Grassland and Heath
The Irish climate promotes vigorous growth of grasses. Rainfall is evenly spread, so we rarely suffer drought and our temperatures are not too extreme. Grasses are one of the most successful groups of plants in the plant kingdom. Grass seeds and growth patterns differ from other plants. Most plants have their growing point at the top, whereas grasses have a growing point at the base of the stem, if the tips are removed, the plant will survive and continue to grow. Constant grazing encourages growth.
After the Ice Age, grasslands were the first landscape feature, they were quickly invaded by scrub and eventually forest. The early farmers and settlers cleared the woodlands, reinstating the earlier grasslands for their stock.
The peaty soil of the Wicklow uplands is dark and acidic resulting in poor diversity in grass species. The high rainfall washes most minerals and nutrients away decreasing the diversity even more. Only hardy grasses will survive in this environment such as Mat Grass which tends to dominate. On lower mountain slopes, there are areas of wet grassland where you will find Purple Moor-grass and rushes such as Soft Rush and Compact Rush. Along the river valleys, you will see Deer Grass and different rushes such as Black Bog Rush and Bulbous Rush.
Any grassland where heathers and bilberry exceed 25% is considered heath. Heath vegetation is the dominant habitat on the open hillside in the Park. Heath is commonly formed over upland, peaty soils and often grows in association with upland grassland. Heath can be described as being wet or dry depending on the depth of peat and drainage.
Dry heath is dominated by heathers such as Ling and Bell Heather. Other common plants are Mat Grass and Bent Grasses. Wet heath would have grasses such as Purple Moor-grass, sedges such as Star Sedge and heathers such as Cross-leaved Heath . Heath can sometimes be confused with blanket bog. There are a couple of distinctions which can help to identify these two habitats from each other. Generally, if the peat is deeper than 0.5m, it is blanket bog. More usefully, the near absence of sphagnum mosses which are an essential component of blanket bog, a high cover of acid tolerant grasses and a relatively dry surface would all indicate that the area is heath.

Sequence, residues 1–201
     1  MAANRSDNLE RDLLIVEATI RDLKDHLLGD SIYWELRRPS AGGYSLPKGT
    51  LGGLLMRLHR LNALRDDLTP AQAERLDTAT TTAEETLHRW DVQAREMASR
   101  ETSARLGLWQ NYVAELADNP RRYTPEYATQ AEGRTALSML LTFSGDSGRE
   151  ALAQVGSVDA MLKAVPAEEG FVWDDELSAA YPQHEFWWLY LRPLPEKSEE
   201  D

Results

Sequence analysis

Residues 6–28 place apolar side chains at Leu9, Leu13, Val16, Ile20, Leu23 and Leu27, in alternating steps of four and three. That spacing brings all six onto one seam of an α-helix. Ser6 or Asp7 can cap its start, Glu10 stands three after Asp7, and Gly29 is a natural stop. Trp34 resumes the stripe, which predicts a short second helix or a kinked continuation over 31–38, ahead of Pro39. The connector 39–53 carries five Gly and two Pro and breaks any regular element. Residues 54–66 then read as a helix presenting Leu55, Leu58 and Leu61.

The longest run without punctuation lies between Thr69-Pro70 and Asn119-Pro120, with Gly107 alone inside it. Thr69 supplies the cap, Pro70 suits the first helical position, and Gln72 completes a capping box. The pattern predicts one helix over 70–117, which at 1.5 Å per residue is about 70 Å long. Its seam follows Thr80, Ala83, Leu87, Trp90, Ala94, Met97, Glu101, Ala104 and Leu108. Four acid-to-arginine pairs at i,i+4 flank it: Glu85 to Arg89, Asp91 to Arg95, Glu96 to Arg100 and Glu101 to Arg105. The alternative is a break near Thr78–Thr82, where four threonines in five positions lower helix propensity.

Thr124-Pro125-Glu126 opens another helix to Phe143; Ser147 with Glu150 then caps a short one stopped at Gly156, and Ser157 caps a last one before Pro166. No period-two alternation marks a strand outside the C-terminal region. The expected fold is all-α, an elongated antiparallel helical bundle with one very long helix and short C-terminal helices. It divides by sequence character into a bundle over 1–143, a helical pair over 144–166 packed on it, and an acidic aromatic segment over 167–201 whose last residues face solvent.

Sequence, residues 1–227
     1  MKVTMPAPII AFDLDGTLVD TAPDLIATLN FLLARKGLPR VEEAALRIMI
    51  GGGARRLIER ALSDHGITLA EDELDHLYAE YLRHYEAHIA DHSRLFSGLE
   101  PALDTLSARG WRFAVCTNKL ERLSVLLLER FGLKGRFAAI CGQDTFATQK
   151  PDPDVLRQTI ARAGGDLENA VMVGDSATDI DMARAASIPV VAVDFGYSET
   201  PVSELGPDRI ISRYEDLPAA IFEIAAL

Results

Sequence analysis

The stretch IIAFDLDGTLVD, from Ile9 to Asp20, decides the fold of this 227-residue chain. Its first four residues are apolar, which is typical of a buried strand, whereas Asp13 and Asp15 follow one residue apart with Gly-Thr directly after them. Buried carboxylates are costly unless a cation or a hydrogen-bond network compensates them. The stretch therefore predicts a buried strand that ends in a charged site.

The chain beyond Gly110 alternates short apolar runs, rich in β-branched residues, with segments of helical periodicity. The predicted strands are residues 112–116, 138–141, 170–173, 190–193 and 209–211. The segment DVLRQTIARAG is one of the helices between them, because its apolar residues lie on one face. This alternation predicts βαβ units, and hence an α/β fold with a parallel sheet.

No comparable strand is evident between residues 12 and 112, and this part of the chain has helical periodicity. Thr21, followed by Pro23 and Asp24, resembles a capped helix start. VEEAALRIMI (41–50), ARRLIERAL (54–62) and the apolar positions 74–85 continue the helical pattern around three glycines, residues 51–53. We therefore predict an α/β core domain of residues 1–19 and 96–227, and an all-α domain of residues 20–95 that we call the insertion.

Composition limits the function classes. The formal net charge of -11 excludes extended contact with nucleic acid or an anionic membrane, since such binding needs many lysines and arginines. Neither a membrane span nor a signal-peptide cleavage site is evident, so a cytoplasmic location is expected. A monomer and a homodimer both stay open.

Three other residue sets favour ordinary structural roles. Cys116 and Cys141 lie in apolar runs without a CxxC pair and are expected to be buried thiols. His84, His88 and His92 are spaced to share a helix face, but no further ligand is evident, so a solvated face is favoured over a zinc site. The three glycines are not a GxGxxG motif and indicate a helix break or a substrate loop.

Moor burning is a major agricultural practice carried out by the sheep farmers in the Wicklow uplands. Burning kills off the old heather shoots and encourages the growth of younger shoots. Traditional management of heather areas involves burning of heather every ten years to kill off old shoots. However, if burning is too frequent it will destroy the ecosystem, as the heather will not return and bracken or coarse grasses will take over. In some areas of the Park, the frequency of burning is too high and has led to damage in the uplands. Burning of growing vegetation is illegal between March 1st and August 31st each year.
The increase in recreational use of the mountains has created eroded scars across the heaths and grasslands of the mountains. Erosion will start to occur when vegetation is damaged by trampling and the fragile peaty soils are exposed to the elements. With the help of the water, gullies start to form and the peaty soils are washed away exposing the underlying mineral soils and rock . Severe gullies have formed in many over-used areas in the Park, for example descending from Derrybawn into Glendalough and on the path up to the top of Djouce Mountain. In recent years, Park staff have been involved in building boardwalks (traditionally known as tochars), in some areas in the hope of encouraging regeneration of the vegetation. More recently, the emphasis is moving away from the use of boardwalk and using local materials instead. Other voluntary organisations such as Mountain Meitheal have done extensive pathworks in areas of the National Park such as Glensoulan valley.